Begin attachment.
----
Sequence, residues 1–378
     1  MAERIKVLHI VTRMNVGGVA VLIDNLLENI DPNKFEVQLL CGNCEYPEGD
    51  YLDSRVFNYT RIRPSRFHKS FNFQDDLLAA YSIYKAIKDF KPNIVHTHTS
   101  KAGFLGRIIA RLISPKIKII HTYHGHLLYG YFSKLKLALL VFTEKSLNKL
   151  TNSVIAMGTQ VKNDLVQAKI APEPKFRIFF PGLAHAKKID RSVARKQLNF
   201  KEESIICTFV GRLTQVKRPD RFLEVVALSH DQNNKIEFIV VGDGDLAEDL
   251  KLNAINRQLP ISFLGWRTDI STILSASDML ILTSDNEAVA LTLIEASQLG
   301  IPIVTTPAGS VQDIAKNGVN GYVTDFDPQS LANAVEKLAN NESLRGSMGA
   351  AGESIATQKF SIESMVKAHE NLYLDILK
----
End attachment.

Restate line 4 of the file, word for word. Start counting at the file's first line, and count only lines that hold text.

   101  KAGFLGRIIA RLISPKIKII HTYHGHLLYG YFSKLKLALL VFTEKSLNKL